Rebellion and Factionalism in a Chinese Province: Zhejiang, 1966-1976

By Keith Forster | Go to book overview

Chapter Seven
RENEWED RADICALISM, 1973-74

Prelude, September 1973-January 1974

The theoretical/ideological justifications for a renewal of the radicalism of the Cultural Revolution were provided in part by the reappearance in 1973 of an argument first put forward by Chen Boda in 1968 (see chapter three). One of Mao's major obsessions, and one that he had incessantly harangued his senior colleagues about since 1962, was his notion that socialist society consisted of classes and that the major contradiction in the era of socialism was that between the proletariat and the bourgeoisie. Chen Boda had argued in 1968, basing himself on Mao's statement that the communist party inevitably contained factions, that factions represented classes. The proletarian faction represented the proletariat and the bourgeoisie had its own representatives -- the bourgeois faction or revisionists. This argument laid the groundwork for the position adopted by Zhang Chunqiao and Yao Wenyuan in articles that they published in 1975 that the bourgeoisie itself was entrenched within the body of the CCP.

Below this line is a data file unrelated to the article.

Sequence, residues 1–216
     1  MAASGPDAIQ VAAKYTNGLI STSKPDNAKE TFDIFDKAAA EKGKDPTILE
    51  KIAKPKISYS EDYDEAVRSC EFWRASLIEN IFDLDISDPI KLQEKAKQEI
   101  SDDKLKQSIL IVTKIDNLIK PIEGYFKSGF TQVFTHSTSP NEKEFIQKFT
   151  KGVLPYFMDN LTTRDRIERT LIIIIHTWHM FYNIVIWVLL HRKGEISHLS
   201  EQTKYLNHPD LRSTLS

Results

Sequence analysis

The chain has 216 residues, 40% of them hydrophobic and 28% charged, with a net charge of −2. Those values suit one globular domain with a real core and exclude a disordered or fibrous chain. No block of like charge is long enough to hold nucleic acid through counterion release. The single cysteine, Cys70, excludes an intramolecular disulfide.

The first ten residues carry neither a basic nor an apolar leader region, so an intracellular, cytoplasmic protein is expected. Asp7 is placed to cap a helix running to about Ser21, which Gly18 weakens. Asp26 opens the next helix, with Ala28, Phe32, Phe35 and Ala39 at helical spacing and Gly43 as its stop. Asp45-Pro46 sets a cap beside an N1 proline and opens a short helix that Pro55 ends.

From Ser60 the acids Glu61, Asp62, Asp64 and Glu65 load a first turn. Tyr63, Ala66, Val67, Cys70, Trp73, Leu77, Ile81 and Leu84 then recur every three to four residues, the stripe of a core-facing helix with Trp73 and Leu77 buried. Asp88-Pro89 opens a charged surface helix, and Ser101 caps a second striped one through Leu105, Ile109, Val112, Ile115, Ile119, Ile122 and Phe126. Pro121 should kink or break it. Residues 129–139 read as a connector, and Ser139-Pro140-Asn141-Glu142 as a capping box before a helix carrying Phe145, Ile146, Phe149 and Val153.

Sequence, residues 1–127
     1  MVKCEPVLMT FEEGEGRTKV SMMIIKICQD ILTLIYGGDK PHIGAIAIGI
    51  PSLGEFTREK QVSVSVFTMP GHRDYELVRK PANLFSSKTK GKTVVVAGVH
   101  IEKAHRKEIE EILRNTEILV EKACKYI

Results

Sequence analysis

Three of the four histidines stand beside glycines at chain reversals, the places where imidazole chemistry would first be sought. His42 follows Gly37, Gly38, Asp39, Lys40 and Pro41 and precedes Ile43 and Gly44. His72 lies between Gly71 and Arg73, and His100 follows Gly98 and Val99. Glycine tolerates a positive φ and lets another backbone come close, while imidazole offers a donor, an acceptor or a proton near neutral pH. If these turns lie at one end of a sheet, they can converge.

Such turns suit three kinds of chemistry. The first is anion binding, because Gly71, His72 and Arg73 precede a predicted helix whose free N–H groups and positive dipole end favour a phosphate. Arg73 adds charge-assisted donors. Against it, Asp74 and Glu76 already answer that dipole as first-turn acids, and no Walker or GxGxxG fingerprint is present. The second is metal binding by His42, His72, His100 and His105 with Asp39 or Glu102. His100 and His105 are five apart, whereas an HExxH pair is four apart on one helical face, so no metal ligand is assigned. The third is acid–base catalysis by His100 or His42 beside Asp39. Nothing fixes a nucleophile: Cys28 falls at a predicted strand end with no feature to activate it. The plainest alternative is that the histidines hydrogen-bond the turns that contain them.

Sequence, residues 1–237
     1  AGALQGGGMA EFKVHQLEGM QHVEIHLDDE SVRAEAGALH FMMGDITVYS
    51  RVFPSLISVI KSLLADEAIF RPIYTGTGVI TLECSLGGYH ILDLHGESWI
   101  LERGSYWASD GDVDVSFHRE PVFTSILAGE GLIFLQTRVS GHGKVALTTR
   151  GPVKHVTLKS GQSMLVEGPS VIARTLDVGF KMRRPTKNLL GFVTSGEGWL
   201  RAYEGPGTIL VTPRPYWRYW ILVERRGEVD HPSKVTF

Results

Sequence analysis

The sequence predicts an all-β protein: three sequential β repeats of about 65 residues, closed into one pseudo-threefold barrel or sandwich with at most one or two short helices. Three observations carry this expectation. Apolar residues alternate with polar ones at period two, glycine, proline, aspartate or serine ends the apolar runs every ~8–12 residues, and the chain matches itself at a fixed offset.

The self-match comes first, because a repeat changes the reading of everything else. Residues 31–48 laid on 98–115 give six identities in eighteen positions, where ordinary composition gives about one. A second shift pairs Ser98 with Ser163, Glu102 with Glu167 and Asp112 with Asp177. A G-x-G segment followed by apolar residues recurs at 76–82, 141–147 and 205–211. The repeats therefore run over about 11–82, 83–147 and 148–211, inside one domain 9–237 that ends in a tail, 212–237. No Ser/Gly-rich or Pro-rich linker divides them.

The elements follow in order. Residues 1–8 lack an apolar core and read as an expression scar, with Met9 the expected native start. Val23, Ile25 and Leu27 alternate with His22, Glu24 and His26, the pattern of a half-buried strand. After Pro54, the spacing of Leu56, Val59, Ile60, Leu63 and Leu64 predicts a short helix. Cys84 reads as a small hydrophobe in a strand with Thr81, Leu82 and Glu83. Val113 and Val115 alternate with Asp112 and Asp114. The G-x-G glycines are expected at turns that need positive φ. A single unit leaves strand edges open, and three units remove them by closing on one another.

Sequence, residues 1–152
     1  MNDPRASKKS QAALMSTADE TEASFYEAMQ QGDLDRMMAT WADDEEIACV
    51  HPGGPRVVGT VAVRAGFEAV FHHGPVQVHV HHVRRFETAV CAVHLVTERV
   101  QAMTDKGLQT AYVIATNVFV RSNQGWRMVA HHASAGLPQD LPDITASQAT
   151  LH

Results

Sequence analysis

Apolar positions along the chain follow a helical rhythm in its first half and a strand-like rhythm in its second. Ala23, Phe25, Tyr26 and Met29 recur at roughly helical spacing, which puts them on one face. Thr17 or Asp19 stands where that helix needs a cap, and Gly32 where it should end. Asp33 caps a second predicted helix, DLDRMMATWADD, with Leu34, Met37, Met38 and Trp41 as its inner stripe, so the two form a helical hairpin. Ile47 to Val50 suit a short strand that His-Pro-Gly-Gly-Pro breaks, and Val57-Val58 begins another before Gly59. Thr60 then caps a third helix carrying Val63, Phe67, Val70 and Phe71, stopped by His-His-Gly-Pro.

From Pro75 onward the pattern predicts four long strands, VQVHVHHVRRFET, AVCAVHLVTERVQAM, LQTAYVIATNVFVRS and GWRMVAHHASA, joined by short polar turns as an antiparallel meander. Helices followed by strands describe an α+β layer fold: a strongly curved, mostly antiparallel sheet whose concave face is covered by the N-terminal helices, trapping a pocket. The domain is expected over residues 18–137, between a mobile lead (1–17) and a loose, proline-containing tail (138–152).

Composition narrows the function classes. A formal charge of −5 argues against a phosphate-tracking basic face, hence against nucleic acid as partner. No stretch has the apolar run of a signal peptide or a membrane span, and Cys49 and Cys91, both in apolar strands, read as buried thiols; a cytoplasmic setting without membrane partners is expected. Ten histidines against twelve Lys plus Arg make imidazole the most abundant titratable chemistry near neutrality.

In September 1973, Hongqi carried an article by the party branch of a production brigade in a Beijing county repeating Mao's 1966 statement concerning the presence of factions within the party.1 On this occasion the quotation was used to condemn factionalism. The radical journal from Shanghai Study and Criticism (

), in an article of May 1974 also cited Mao, without attribution, and stated that "those who represent different class interests [are] bound to form different factions and organize different parties". It continued:

The appearance of different political factions and the struggle between the two lines in our Party are a reflection in the Party of the class struggle in society, and chieftains of opportunist lines are agents of the landlords and bourgeoisie who wormed their way into the party of the proletariat.2

The radicals used such arguments to justify their renewed attacks on their opponents within the party. Recourse to the vague, semi-formulated ideas of Mao Zedong was their starting point.

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